09 November 2015
Written by Caryl Churchill in the 1970s, Objections to Sex and Violence was Chruchill’s first production on a mainstage. Currently downtown at the Artscape Sandbox, it is a surprisingly relevant play, set against the political background of the 1970’s: the sexual revolution, and the global protest movement. But Churchill’s play invokes the political in a personal way, as the prospect of violence frames the background of all of the characters, and is revealed through their personal confessions and interactions. Two sisters meet on a beach: Annie, still recovering from an abusive relationship in her past, comes looking for Jule. Annie’s current patner, Phil, is a pacifist. This grates on Jule, a political activist. Then Eric, one of her fellow activists, appears. He pontificates narcissistically about politics and capitalism.
Violence is a constant theme and constant threat, and permeates the action. There is a kind of violence in Eric’s postulating, in Annie’s concern-trolling of her sister, and in her accusations after Phil ‘confesses’ a tryst to her. Each of these characters is trying to effect change in themselves, in the world, and in each other. Sex is used as a threat, and the withholding of sex is seen as a weapon. At one point Jule starts hurling oil-soaked pop cans at Eric, at another Eric crushes a small ice cream cone in his hands while yelling at Jule. These small personal details provide visceral reminders of the political background.
Their attempts to use violence to affect each other or to demand recognition all fail in various ways, and the final scene of the play – between Jule and her husband Terry – is in stark contrast to this. This final scene adds a depth to the previous hour, since it becomes clear that Churchill isn’t trying to make broad, superficial claims about how we are necessarily violent, or that violence is somehow inevitable. Here she shows us two people resisting violence, two people trying to connect but unable to. They are resigned to his, but their mutual respect for each other is surprisingly heartfelt. It seems that instead of making claims about human nature, Churchill is asking questions about our use of violence and its relationship to politics and personal relationships.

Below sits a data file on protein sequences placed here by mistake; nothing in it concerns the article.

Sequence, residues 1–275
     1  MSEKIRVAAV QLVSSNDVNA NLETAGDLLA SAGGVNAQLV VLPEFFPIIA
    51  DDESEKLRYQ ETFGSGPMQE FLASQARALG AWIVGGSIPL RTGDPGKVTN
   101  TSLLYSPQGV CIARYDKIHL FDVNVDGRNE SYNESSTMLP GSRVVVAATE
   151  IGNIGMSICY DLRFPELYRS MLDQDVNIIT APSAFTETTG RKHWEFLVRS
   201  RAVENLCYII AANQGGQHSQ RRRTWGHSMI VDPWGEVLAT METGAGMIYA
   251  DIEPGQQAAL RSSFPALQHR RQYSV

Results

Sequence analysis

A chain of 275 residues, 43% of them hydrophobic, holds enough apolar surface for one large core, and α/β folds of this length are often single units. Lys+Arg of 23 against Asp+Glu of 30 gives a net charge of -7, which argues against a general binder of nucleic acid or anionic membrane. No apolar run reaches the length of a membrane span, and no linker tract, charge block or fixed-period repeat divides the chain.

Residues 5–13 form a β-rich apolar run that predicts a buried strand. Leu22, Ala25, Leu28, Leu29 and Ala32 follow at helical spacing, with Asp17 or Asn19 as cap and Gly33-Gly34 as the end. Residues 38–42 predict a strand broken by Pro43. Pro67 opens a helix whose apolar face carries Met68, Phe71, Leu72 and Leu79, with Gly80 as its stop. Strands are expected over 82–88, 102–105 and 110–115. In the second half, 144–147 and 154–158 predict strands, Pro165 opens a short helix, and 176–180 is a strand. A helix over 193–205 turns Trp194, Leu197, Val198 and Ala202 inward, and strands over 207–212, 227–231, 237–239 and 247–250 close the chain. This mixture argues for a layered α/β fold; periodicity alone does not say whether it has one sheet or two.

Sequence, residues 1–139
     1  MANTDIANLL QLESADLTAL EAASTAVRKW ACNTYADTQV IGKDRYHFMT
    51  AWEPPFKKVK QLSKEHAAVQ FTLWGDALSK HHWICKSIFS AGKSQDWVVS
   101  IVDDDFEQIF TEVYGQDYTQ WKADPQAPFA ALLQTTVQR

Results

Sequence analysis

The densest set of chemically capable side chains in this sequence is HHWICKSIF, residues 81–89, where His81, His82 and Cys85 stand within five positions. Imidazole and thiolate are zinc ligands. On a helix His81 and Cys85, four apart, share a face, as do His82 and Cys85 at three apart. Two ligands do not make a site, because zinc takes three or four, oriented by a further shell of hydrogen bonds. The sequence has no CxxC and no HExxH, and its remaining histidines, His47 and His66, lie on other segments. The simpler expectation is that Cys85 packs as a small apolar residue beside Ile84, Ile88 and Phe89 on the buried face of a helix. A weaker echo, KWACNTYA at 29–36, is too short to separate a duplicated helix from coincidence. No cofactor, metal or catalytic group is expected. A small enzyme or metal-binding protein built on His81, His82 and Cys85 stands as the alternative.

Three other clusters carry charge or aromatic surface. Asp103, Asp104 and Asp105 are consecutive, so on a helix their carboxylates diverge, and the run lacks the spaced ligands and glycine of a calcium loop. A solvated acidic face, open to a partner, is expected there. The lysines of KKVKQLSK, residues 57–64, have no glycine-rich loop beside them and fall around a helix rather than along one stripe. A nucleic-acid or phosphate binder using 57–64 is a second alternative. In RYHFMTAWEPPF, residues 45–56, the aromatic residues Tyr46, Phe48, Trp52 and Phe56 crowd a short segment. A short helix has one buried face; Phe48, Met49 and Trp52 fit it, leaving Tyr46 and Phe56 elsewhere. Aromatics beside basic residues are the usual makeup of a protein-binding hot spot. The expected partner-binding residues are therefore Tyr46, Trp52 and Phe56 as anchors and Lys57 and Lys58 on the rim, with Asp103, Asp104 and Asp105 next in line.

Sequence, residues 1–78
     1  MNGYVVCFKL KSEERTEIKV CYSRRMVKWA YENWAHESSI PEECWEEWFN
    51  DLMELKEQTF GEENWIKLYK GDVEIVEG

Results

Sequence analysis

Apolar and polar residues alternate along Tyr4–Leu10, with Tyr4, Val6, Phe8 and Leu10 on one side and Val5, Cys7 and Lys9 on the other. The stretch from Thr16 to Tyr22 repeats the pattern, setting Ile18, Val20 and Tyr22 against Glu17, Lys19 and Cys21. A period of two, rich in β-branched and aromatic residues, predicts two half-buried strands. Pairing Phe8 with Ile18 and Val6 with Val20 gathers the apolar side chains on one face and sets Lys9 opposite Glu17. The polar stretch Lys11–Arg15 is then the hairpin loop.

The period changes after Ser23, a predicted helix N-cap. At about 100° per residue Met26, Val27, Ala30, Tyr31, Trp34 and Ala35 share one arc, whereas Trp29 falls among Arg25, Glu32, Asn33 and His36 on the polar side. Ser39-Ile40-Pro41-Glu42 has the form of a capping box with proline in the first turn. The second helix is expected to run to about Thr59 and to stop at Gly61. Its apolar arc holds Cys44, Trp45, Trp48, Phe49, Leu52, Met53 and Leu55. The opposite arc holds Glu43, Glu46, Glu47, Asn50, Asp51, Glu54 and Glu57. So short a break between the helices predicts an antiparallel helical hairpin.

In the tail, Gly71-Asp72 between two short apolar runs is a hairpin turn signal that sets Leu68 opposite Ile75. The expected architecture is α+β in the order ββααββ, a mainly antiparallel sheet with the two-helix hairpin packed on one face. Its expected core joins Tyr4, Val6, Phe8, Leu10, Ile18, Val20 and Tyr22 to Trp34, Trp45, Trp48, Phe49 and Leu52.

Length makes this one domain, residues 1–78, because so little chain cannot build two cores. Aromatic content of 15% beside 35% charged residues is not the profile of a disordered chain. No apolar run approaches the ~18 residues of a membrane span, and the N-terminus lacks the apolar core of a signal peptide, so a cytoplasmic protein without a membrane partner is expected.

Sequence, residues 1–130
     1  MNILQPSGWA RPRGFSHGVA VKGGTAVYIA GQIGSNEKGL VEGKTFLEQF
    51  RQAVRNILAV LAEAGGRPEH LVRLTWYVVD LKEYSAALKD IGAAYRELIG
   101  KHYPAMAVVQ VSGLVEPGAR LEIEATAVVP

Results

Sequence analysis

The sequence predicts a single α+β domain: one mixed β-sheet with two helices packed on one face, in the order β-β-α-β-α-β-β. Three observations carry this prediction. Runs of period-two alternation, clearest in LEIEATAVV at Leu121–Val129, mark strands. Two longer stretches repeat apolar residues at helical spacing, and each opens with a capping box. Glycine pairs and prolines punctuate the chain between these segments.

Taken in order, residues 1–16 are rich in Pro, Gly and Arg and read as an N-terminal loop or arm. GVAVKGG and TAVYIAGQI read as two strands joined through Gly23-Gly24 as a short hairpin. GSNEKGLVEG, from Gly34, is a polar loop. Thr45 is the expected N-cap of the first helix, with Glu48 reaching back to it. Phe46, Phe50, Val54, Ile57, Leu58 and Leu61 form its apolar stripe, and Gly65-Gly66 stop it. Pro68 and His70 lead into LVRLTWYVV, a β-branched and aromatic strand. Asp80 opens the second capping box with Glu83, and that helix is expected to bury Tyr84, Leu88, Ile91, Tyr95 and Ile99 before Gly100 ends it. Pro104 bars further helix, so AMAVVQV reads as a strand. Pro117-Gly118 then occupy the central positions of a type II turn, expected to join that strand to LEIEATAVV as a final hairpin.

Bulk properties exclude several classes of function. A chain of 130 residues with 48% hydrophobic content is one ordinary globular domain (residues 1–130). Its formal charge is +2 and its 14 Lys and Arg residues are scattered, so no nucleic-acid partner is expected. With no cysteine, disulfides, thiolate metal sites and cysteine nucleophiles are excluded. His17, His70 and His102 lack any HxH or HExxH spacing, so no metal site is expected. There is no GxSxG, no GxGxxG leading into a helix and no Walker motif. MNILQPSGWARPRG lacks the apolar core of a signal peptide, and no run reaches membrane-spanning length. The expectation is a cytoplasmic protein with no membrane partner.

The acting in this production by The Sex + Violence Collective (with support from Praxis Theatre and FeverGraph Theatre) is strong across the board, but most notable is Zoë Sweet as Jule, the hub of the plot and on stage for almost the entire time. Philip Graeme is also great as meek Phil, whose pacifist personality, it turns out, is not so pacifist when he lets loose his pent up sexual rage on Jule in a terrifying scene where he reveals that he suffers from Nice Guy Syndrome.
The set has such a presence that it almost feels like another character in the show. It is simple: a rectangular mound of sand in the centre of the three-part audience created the beach. Peppered with oily, black debris, the set itself underlined the coarse, uncomfortable feeling of the action. The stark lighting shifts help to punctuate the scenes, almost becoming scenes unto themselves as they often coordinate with slow motion movement or dramatic poses from each of the characters that are symbolic of the emotional turmoil of the story.
This play is refreshing both in its relevance to the sexual and global politics of today, but also in its careful and thoughtful execution. Definitely a good one to catch.
Get your tickets HERE.